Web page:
Richard Hamming (1915-1998) was an American mathematician who made important contributions to computing.
Hamming was born in Chicago, Illinois, in 1915. He received a B.S. from the University of Chicago, an M.A. from the University of Nebraska, and a Ph.D. from the University of Illinois at Urbana-Champaign. All of his degrees were in mathematics.
In 1945 Hamming went to Los Alamos where he was joined shortly afterwards by his wife, Wanda Little, who was also employed to work on the Manhattan Project. Hamming was put in charge of the IBM calculating machines, which were essentially early computers. Hamming described, “At Los Alamos I was brought in to run the computing machines which other people had got going, so those scientists and physicists could get back to business. ... I saw Feynman up close. I saw Fermi and Teller. I saw Oppenheimer. I saw Hans Bethe: he was my boss.” Hamming remained in Los Alamos for six months after most scientists had left to write up details on his work.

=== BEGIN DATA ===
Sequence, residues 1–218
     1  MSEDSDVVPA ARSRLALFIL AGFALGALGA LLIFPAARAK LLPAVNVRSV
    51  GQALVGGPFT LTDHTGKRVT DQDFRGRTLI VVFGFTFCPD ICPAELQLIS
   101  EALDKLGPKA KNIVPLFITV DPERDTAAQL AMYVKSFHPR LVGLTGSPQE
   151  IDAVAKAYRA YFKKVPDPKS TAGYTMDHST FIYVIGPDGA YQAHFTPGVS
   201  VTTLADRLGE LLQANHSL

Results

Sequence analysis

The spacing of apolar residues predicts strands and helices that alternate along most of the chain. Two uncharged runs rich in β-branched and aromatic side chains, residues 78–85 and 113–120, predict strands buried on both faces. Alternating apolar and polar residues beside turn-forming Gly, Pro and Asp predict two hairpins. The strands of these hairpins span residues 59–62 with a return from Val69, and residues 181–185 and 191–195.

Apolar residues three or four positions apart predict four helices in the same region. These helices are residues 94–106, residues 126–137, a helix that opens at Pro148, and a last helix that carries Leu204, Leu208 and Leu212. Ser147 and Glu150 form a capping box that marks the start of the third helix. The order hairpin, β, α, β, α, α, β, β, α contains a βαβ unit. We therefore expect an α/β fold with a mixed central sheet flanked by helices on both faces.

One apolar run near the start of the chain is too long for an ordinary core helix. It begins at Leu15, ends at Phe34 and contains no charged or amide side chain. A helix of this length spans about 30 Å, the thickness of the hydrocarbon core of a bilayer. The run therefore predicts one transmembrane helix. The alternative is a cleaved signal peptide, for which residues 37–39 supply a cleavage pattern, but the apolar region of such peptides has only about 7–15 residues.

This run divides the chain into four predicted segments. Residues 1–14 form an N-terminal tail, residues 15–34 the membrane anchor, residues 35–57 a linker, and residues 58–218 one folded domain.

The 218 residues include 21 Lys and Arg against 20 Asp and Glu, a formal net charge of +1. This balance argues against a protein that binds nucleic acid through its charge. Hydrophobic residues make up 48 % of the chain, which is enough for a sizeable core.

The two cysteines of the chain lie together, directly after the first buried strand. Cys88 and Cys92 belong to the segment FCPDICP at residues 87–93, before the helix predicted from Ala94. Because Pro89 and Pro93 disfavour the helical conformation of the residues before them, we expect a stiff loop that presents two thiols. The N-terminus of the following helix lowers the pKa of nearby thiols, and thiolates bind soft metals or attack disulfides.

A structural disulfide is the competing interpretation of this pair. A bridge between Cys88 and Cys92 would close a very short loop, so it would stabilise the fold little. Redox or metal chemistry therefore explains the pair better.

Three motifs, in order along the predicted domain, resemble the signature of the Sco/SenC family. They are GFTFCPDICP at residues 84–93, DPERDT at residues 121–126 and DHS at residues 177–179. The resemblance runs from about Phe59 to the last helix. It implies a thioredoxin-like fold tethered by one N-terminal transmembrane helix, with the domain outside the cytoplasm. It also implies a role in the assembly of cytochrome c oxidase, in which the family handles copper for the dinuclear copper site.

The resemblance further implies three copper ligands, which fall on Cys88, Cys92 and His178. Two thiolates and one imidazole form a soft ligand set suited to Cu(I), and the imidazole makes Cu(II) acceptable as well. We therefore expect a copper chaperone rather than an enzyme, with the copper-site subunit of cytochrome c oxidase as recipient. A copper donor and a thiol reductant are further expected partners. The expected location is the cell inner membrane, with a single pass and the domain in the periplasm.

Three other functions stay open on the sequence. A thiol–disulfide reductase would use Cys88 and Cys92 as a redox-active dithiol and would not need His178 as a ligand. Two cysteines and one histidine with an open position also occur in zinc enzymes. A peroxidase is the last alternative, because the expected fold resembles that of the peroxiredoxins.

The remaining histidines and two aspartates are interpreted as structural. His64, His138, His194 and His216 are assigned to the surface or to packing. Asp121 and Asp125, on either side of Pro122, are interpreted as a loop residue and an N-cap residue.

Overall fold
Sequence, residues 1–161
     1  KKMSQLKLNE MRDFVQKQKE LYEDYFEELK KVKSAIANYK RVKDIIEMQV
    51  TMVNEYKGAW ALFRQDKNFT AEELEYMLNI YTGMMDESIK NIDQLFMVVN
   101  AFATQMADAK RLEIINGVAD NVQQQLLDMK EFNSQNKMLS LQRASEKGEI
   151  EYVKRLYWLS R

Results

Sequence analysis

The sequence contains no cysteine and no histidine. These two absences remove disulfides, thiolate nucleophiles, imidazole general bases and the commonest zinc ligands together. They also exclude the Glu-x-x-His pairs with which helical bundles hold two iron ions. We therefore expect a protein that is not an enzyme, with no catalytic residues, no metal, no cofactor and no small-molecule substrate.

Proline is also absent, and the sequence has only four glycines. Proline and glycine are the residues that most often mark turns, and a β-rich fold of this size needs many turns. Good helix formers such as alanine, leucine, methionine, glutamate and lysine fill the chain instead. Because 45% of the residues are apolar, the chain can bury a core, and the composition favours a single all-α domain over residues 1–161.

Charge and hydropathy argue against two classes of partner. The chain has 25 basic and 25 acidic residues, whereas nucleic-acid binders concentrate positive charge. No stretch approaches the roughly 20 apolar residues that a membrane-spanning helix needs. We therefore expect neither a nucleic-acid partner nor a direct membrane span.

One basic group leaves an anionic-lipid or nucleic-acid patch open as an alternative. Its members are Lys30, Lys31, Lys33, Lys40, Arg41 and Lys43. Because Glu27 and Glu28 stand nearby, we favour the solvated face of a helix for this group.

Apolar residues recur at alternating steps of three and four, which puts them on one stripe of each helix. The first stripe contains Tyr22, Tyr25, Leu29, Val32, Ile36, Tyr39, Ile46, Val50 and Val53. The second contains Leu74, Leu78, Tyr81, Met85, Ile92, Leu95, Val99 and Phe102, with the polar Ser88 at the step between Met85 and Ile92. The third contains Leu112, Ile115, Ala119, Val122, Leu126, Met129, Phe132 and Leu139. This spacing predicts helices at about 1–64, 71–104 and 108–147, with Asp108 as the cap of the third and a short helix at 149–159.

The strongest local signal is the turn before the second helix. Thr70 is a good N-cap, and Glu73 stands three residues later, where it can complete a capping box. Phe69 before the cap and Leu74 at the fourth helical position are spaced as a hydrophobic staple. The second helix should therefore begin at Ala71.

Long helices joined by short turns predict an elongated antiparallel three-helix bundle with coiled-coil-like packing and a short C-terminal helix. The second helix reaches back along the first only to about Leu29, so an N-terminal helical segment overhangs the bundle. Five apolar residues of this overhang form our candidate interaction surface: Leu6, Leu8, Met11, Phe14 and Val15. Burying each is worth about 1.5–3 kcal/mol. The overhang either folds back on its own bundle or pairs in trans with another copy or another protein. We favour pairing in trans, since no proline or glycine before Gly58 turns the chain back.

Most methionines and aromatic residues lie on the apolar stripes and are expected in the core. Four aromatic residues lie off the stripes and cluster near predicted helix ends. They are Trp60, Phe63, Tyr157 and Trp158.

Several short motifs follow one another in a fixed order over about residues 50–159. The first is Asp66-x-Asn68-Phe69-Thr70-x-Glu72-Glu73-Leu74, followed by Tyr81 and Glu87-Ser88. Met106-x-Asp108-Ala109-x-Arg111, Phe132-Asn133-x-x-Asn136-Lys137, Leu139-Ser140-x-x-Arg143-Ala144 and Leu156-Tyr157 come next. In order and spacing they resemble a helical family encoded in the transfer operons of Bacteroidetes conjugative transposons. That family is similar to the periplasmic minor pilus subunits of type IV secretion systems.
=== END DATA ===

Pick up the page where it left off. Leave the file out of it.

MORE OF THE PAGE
After the war, Hamming worked in the mathematics department of the Bell Telephone Laboratories in New Jersey. His work there included the development of what is now known as Hamming Codes, which are designed for error-detecting and error-correcting. He also developed the Hamming Spectral Window, a kind of digital filter for certain frequencies, allowing the user to look at a certain part of a signal. Hamming received the Turing Award from the Association for Computer Machinery in 1968 “for his work on numerical methods, automatic coding systems, and error-detecting and error-correcting codes.”
During this time, Hamming was also a visiting or adjunct professor at Stanford University, the City College of New York, the University of California at Irvine, and Princeton University. Hamming left the Bell Laboratories in 1976 and accepted a full-time position to teach computer science at the Naval Postgraduate School at Monterey, California. In 1986, the Institute of Electrical and Electronics Engineers created the Richard W. Hamming Medal in his honor, and Hamming was the first recipient.
Hamming died on January 7, 1998, in Monterey.